Last month, reports appeared in Arabic-language media that Israeli jets had attacked Shiite militia bases in Iraq. Whether or not these reports are accurate, Jerusalem has good reason to fear that Tehran will use its proxy forces to do in Iraq what it has done in Lebanon and is currently doing in Syria: that is, turn the country into a staging ground for attacks on the Jewish state. The Iraqi prime minister, meanwhile, issued a decree on July 1 that these Iran-backed militias must fully subordinate themselves to the country’s military or disband. But John Hannah doubts that much will change:
Prime Minister Adel Abdul Mahdi no doubt believes that the act of issuing the decree, and perhaps enforcing parts of it against less powerful [Iranian-sponsored militias], will buy him time and credit with the United States. . . . The Iraqi leader is also surely suggesting to Washington in private that defeating Iran’s powerful proxies will be a long-term process—one that requires patience, the avoidance of direct confrontation, and the slow but steady process of strengthening state institutions that will eventually smother and neutralize these militias through largely peaceful bureaucratic maneuvers.
Unfortunately, if history is any guide, it’s not at all clear that time has worked in favor of those seeking to oppose Iran’s entrenchment in weak Arab states using powerful Shiite militias. Lebanese Hizballah is of course the archetype. Despite ever-greater amounts of Western assistance to strengthen legitimate state institutions, in particular the Lebanese army, Hizballah’s primacy as Lebanon’s most dominant actor has only expanded—to the great peril of Israel, the Middle East, and U.S. interests. . . . It’s not at all clear what could prevent the full “Hizballah-ization” of Iraq at this point—but it’s unlikely to be the weak tea of Mahdi’s decree.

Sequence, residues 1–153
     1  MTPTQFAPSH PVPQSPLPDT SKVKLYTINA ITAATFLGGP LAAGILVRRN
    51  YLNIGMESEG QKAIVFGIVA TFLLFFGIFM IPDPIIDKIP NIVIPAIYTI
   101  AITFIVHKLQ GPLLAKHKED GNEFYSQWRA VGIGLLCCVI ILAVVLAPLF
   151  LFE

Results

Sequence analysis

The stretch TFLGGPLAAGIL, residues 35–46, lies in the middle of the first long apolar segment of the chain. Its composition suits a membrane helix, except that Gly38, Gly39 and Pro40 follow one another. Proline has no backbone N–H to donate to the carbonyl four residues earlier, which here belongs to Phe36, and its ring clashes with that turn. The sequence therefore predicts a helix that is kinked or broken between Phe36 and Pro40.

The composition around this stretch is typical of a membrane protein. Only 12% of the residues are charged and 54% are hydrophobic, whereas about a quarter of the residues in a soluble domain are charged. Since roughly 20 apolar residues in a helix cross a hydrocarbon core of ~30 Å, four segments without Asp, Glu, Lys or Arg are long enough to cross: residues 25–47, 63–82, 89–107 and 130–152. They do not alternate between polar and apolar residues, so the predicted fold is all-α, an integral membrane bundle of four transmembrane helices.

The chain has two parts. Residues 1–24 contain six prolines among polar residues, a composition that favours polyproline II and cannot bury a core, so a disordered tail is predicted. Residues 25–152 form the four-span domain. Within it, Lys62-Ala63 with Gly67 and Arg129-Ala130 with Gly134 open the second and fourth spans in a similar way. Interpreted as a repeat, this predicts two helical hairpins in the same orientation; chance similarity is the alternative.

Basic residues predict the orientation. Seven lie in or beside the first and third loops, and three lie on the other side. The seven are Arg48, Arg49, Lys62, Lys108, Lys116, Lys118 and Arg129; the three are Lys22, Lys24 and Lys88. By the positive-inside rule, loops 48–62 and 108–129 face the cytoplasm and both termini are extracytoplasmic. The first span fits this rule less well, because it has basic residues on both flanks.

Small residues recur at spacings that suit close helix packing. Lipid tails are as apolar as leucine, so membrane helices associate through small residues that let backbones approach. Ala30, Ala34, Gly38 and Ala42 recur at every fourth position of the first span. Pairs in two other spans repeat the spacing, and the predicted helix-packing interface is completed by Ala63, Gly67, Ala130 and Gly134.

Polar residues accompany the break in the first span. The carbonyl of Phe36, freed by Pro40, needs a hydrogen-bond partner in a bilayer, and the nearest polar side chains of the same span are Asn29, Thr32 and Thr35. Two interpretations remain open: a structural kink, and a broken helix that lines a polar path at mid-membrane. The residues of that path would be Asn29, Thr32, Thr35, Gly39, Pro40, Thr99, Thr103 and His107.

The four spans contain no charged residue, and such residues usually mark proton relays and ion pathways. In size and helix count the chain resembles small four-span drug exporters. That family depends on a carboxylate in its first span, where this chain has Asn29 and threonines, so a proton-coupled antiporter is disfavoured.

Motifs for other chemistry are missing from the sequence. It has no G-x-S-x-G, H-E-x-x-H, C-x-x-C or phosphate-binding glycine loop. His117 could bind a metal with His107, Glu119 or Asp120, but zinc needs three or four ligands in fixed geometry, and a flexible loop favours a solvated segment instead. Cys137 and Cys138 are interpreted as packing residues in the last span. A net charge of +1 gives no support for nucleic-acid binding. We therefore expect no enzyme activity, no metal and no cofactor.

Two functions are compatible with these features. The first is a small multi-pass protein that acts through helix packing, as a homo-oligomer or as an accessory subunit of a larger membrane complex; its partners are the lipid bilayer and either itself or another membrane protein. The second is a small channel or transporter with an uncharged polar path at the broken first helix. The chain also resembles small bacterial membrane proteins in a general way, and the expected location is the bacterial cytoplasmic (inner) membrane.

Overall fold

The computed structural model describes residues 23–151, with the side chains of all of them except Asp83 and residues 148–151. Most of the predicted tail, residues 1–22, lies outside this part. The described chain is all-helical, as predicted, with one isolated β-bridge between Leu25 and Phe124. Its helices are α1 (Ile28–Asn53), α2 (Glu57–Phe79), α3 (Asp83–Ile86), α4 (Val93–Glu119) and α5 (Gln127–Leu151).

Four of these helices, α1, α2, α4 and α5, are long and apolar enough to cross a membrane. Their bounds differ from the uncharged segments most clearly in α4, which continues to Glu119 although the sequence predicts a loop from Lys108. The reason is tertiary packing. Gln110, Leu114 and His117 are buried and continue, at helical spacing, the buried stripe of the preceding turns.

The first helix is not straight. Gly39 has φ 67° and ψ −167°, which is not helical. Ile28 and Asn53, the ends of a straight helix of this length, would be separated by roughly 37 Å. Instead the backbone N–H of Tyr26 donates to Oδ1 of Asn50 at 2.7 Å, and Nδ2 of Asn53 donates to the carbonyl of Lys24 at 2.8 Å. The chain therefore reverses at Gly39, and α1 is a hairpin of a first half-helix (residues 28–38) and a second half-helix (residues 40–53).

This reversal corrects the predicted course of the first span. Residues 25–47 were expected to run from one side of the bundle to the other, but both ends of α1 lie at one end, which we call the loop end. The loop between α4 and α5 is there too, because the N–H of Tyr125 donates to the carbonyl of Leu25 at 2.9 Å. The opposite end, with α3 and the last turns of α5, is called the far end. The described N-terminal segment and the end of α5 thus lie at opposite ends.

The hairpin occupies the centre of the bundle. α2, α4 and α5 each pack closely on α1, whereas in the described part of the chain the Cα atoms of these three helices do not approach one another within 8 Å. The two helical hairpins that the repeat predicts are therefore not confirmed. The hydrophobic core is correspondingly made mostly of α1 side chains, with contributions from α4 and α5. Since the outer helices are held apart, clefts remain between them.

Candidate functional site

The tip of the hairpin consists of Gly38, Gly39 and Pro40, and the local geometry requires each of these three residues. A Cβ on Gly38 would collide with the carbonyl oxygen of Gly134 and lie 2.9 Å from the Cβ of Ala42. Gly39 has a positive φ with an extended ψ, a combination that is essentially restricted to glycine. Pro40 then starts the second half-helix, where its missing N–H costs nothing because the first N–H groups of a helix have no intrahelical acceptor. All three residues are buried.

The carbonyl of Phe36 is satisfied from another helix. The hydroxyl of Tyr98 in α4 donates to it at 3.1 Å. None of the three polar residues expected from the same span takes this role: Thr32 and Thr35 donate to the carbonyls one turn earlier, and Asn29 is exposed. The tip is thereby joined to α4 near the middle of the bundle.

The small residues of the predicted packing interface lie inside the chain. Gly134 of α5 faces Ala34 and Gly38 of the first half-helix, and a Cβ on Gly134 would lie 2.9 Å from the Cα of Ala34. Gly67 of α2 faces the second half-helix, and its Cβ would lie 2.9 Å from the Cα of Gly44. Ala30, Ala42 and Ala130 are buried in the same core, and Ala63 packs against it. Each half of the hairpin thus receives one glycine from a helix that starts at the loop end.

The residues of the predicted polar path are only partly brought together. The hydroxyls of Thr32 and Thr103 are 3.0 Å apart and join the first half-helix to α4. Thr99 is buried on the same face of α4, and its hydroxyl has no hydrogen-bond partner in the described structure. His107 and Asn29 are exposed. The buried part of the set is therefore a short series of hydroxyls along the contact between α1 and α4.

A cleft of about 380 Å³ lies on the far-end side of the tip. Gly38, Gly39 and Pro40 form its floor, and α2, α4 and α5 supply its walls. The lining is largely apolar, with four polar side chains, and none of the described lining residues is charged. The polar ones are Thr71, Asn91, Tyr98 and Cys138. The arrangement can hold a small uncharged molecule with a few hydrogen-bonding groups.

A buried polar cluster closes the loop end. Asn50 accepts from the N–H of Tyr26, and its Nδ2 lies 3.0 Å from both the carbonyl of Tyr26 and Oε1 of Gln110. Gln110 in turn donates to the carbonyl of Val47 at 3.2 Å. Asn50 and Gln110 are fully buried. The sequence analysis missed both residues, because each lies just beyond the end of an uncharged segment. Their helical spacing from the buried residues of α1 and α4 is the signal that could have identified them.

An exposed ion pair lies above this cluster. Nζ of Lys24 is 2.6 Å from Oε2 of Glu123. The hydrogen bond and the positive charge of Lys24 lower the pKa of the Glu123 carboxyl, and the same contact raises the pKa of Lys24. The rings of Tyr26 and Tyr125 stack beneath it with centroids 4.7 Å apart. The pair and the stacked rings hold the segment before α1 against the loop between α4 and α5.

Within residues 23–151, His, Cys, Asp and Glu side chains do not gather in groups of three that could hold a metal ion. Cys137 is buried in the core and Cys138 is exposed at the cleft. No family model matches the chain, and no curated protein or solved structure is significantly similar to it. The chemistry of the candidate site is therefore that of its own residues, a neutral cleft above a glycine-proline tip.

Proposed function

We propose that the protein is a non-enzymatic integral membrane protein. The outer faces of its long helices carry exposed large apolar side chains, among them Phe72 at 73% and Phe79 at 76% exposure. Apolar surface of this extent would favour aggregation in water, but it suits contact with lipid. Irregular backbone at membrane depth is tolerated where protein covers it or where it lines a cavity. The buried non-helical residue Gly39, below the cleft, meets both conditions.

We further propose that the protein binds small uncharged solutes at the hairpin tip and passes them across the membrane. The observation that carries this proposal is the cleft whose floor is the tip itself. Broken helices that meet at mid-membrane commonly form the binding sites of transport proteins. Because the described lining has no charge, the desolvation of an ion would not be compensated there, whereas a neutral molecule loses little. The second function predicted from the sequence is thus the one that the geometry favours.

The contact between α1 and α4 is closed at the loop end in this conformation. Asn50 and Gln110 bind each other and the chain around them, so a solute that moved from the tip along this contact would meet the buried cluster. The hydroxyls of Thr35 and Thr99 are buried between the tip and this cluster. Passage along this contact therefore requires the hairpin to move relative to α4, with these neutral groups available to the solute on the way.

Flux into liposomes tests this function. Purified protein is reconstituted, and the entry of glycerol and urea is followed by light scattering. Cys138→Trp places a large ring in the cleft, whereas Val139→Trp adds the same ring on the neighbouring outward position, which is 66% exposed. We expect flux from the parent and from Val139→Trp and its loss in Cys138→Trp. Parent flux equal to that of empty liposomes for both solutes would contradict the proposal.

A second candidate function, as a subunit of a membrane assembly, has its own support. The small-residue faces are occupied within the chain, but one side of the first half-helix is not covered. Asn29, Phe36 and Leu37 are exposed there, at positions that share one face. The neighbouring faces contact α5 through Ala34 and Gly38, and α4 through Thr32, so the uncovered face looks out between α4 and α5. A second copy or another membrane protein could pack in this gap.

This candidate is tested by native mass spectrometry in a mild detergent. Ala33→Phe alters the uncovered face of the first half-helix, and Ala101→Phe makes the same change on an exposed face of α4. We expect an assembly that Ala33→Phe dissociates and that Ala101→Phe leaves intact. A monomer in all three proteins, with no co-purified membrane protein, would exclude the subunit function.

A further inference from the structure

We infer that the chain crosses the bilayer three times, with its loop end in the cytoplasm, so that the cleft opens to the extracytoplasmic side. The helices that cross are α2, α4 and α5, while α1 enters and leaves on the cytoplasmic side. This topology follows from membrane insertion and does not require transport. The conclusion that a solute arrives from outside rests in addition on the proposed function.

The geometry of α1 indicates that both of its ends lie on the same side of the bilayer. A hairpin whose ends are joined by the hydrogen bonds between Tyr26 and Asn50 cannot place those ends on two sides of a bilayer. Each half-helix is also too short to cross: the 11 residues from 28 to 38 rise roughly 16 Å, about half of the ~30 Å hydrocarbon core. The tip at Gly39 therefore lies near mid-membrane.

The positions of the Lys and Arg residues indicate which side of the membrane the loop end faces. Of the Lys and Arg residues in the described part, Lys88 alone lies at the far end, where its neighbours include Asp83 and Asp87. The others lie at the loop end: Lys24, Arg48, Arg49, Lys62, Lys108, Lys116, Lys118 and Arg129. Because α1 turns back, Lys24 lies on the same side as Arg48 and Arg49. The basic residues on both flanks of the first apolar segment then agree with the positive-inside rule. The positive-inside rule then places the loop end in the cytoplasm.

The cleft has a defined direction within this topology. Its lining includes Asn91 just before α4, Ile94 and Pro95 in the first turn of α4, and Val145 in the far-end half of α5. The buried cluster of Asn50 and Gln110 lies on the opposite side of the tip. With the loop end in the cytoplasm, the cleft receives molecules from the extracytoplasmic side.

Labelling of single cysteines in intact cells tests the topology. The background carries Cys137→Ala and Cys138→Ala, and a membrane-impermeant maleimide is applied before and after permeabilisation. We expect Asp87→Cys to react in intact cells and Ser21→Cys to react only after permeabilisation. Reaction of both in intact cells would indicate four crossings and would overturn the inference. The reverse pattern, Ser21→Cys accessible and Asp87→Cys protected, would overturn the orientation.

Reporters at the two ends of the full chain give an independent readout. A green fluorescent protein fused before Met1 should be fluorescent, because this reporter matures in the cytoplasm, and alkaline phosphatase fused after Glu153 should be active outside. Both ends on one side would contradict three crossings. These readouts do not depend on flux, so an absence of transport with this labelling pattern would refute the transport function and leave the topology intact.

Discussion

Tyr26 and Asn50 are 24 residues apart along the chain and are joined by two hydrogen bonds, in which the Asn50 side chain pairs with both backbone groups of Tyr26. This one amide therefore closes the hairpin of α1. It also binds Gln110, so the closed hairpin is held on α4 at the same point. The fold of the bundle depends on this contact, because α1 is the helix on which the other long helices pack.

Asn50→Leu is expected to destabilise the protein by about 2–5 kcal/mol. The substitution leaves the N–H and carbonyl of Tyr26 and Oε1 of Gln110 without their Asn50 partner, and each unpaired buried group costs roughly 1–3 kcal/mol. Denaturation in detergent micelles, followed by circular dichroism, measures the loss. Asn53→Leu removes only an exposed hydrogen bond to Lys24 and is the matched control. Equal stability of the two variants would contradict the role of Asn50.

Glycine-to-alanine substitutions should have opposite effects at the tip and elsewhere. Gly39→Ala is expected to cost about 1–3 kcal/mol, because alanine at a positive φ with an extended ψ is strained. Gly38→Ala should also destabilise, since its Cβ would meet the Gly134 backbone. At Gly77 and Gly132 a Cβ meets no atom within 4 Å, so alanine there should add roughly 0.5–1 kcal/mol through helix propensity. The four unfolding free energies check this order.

U.S. officials are facing an unpleasant reality. . . . The United States considers the Iraqi government to be an important security partner, providing its military with billions of dollars of support and advanced equipment. But that same partner has welcomed a group of Iran-backed militias—all sworn enemies of the United States, some designated terrorist groups, and most with American blood on their hands—into the Iraqi security forces as a largely independent, parallel army. The Iraqi government now generously funds those groups through the national budget.
This is not a sustainable U.S. policy toward Iraq—no matter how well-intentioned Mahdi or other Iraqi leaders may be.